This is another of my "alphabet" stories. The first one is still here. I'll be posting a series of stories here regularly in the coming weeks and months. This one has been recorded for broadcast on local radio and is in my first collection of stories - "A Short Collection of Small Stories". Enjoy.
Absently, George stirred two spoonfuls of sugar into his solitary mug of coffee on the draining board below the kitchen window. Breadcrumbs lay in a random scatter across the stained grey work surface around the bread bin and the air had a faint tinge of burnt toast mixed with bacon fat. Coming towards the house along the narrow lane, beyond the low beech hedge at the bottom of the garden, he spied a familiar blue car. Damn Lydia for coming to visit just now; why couldn’t she call before she turned up? Everyone else seemed to understand that he needed to be on his own at the moment; why couldn’t she take the hint and stay away, leave him alone?
“Frosty morning, isn’t it, George?”
Greetings with Lydia were always of the stating-the-bleeding-obvious kind. Huffing on the back doorstep as he took in the sharp, clean January air, George attempted to be civil.
“I wasn’t expecting to see you till later, at the meeting in the village hall, Lydia.”
“Just as well I popped round then, isn’t it; the meeting’s been cancelled, so I thought I’d bring you some courgette soup and see if you needed anything.”
“Kind of you, but I’m fine, really.”
“Look, I know it’s none of my business, but -”
“My sentiments exactly, it is none of your business. Now, if you don’t mind, thank you for the soup, but I’m really rather busy.”
“Oh, I see, well if that’s what you want; but George, are you really alright?”
“Peace and quiet, that’s all I want; peace and quiet and to be left alone by busybodies who think they know what’s best for me.”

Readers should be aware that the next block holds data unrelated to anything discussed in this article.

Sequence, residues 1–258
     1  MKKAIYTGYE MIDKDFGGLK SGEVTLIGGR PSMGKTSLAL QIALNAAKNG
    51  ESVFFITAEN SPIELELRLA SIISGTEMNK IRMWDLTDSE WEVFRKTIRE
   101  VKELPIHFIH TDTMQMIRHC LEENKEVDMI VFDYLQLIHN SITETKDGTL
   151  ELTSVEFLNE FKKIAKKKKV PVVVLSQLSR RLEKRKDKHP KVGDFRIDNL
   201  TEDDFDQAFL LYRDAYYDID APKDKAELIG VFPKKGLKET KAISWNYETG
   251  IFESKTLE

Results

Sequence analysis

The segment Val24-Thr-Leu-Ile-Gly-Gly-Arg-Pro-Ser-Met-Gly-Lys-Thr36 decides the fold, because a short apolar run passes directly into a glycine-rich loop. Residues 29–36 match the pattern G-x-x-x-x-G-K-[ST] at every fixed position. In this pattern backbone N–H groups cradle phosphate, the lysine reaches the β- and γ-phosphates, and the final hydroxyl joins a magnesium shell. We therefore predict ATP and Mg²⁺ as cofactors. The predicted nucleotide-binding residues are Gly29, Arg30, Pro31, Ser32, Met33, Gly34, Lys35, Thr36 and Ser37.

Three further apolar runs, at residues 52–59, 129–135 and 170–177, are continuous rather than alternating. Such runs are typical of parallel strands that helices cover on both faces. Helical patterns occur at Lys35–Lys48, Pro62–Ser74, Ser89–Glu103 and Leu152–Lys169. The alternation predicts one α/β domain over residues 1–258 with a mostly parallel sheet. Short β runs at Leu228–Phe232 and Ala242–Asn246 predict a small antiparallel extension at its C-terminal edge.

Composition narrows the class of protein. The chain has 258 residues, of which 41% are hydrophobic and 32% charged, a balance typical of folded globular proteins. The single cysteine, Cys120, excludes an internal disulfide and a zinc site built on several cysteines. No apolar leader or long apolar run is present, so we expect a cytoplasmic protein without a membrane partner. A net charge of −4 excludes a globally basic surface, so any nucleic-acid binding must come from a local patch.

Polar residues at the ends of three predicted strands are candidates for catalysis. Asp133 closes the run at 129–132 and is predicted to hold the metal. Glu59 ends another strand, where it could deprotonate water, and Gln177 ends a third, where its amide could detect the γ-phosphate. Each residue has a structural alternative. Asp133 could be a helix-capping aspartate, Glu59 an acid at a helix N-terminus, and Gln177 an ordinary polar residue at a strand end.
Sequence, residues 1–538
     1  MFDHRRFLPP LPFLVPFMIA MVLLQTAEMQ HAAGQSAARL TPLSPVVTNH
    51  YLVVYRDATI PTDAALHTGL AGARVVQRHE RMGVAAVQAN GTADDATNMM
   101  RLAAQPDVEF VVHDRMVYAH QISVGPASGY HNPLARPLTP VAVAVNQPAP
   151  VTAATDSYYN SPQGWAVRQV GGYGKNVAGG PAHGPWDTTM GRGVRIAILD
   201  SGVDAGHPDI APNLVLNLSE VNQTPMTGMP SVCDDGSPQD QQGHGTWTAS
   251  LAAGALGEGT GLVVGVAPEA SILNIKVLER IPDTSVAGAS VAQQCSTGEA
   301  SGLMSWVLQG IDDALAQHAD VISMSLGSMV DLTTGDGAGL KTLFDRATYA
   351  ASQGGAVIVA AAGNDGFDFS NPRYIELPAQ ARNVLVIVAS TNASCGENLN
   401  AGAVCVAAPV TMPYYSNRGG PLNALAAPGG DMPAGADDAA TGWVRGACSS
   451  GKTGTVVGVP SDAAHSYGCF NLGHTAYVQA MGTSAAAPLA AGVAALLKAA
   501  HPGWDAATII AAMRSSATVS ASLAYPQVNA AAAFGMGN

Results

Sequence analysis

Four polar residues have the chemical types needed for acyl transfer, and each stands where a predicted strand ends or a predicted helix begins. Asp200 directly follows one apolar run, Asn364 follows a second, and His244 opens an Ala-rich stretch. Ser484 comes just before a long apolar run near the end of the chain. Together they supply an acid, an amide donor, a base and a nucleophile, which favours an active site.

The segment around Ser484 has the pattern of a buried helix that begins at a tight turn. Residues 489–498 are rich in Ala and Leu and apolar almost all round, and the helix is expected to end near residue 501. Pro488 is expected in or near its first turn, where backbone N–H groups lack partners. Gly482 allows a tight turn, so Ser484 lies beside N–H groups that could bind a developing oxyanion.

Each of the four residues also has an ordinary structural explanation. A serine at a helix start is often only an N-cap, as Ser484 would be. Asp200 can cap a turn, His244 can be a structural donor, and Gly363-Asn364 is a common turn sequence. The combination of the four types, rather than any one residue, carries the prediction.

Quite unexpectedly, Lydia began to weep; copiously and messily, still poised on the doorstep. Reluctantly, George took her gently by the elbow and led her in to sit at the worn old kitchen table. Still sobbing, but quietly now, Lydia tried to explain. That everyone in the village had known and loved Penny; obviously not in the same way as George had, but that they had all missed her terribly these past six months and wanted him to know that. Useless, that’s what they all felt, and many of them had stopped coming to visit because he had made it clear that they were not welcome. Visibly shaken, George stood again to put the kettle on, find some digestive biscuits and gather his thoughts.
“Widower, that’s what I am now; such a horrible word, such a horrible thing to be,” he though, his gaze fixed on the crows gathering in the treetops at the end of the lane.
“Xylophone lessons, that’s what I’m going to take up; there’s a new class starting at the hall next Tuesday evening,” Lydia blew her nose noisily on a square of kitchen towel from the roll that George had thrust in front of her.
“You should come along, it might be fun.”
“Zither, that’s what I used to play, you know; got an old one in the attic, maybe I’ll get it down and see if I can still get a tune out of it” he said as he poured two mugs of tea, the long-lost shadow of a smile nudging at the edge of his mouth.